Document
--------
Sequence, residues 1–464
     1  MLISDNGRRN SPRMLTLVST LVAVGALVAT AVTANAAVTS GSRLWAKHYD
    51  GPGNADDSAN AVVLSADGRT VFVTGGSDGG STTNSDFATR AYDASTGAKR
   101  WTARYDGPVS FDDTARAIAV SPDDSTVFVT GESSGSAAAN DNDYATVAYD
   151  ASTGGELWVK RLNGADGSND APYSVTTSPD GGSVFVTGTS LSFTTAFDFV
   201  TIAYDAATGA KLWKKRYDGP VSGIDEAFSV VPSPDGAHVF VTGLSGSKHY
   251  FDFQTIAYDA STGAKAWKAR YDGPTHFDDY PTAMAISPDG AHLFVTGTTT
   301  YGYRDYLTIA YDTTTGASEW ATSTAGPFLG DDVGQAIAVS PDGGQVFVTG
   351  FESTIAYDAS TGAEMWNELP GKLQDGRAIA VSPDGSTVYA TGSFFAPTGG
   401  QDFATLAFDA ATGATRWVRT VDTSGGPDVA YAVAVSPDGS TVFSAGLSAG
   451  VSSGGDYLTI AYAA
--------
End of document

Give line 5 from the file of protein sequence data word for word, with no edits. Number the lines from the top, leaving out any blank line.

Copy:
   151  ASTGGELWVK RLNGADGSND APYSVTTSPD GGSVFVTGTS LSFTTAFDFV